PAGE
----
Manhattan’s eponymous cocktail is simultaneously as distinct and fluid as the borough it’s named after: three simple ingredients—whiskey, vermouth and bitters—coming together to form one iconic drink that has spawned countless others.
For all its fame, the origins of the Manhattan still remain a mystery; one of the most oft-recounted—that it was invented in 1874 at the Manhattan Club for a party thrown by Winston Churchill’s mother—is actually a myth. (As cocktail historian Dave Wondrich notes in Imbibe!, Mama Churchill was pregnant in England at the time she was reportedly sipping cocktails.) Currently prevailing theories credit the Manhattan Club, just without Winton’s mother, or one lone genius of a waiter, simply known as “Black,” who mixed up the cocktail downtown in the 1870s.
Whoever the brilliant mind was who first splashed together this holy trinity of ingredients, they likely couldn’t have imagined that it would still be kicking a century-and-a-half later. At once familiar and beguilingly complex, the Manhattan blueprint has been redrawn with everything from coffee liqueur to sherry to rum to mezcal to Sriracha bitters.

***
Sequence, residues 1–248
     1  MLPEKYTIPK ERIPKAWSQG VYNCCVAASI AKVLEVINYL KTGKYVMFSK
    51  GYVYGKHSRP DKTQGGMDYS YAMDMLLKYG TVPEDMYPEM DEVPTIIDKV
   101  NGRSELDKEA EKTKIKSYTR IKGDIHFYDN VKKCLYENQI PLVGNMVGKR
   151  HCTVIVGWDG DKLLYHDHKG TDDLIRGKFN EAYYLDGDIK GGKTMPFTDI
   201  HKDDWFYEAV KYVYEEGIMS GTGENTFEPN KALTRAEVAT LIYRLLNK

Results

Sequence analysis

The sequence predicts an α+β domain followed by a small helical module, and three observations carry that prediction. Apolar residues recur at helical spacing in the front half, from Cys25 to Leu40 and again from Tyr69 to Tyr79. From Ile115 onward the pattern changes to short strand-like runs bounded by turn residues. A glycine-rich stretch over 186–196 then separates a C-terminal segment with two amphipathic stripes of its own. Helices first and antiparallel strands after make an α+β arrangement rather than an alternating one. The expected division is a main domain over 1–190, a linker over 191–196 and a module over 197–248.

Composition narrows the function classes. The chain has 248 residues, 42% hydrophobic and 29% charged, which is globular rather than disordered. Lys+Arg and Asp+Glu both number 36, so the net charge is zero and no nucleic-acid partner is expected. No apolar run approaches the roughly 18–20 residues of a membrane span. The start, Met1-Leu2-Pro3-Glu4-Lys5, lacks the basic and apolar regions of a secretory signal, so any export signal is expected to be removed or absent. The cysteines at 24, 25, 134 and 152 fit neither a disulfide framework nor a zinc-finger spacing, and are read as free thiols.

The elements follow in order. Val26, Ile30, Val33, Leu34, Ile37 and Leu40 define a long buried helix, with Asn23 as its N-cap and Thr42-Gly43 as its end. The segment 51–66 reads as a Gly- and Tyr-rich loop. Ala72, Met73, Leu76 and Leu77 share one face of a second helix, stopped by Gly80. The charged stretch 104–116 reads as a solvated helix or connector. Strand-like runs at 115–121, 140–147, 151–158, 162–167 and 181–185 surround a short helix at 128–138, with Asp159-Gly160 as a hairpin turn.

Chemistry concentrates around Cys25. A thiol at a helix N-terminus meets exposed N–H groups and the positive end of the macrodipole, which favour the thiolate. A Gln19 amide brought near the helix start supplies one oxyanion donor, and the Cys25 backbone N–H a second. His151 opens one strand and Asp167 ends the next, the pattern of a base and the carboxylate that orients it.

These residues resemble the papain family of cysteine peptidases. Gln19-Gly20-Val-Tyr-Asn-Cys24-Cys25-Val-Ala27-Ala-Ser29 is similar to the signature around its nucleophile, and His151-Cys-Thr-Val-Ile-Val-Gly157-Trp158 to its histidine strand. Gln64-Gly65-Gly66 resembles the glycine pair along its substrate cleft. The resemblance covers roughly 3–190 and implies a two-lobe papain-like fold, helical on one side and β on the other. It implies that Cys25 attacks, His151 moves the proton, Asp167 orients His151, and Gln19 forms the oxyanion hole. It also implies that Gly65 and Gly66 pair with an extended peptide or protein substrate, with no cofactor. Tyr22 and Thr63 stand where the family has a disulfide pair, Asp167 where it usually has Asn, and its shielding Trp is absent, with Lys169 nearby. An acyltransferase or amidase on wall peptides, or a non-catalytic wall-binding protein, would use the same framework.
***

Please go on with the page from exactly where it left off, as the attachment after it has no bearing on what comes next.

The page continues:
The classic has now become a patriarch of a whole family tree of modern drinks, like Gabriel Orta and Elad Zvi’s (of Miami’s Broken Shaker) El Duque, which swaps in rum for whiskey and sherry for vermouth, and tosses in some cold brew coffee and chocolate bitters for good measure. Aaron Polsky’s Breakfast skews even more avant-garde, eschewing brown liquor altogether in favor of mezcal combined with coffee liqueur and Sriracha bitters, to create something that, in Polsky’s words, “tastes a bit like a black cup of coffee and breakfast at a diner.”
Brad Farran’s Tokyo Drift takes things international with the use of Japanese whisky and the saffron-infused Italian liqueur Strega, and the obscure pre-Prohibition Up-To-Date Cocktail, a drink “Manhattanesque in both composition and deliciousness,” softens the edges of the whiskey and bitters with savory amontillado and Grand Marnier.
Down south, the Lee Brothers’ The Charleston takes bourbon and a dash of bitters and forgoes the vermouth in favor of their hometown’s beloved madeira. While Greg Best’s love child of the Manhattan and the Sazerac, the Rhythm and Soul, amps up the drink’s traditional bourbon and vermouth base with Herbsaint and Averna, for a drink that has “the rhythm of a Manhattan and the soul of a Sazerac.”
After all, part of this city’s daily rhythm is the way it invites its inhabitants to reinvent themselves. Its namesake cocktail is no different.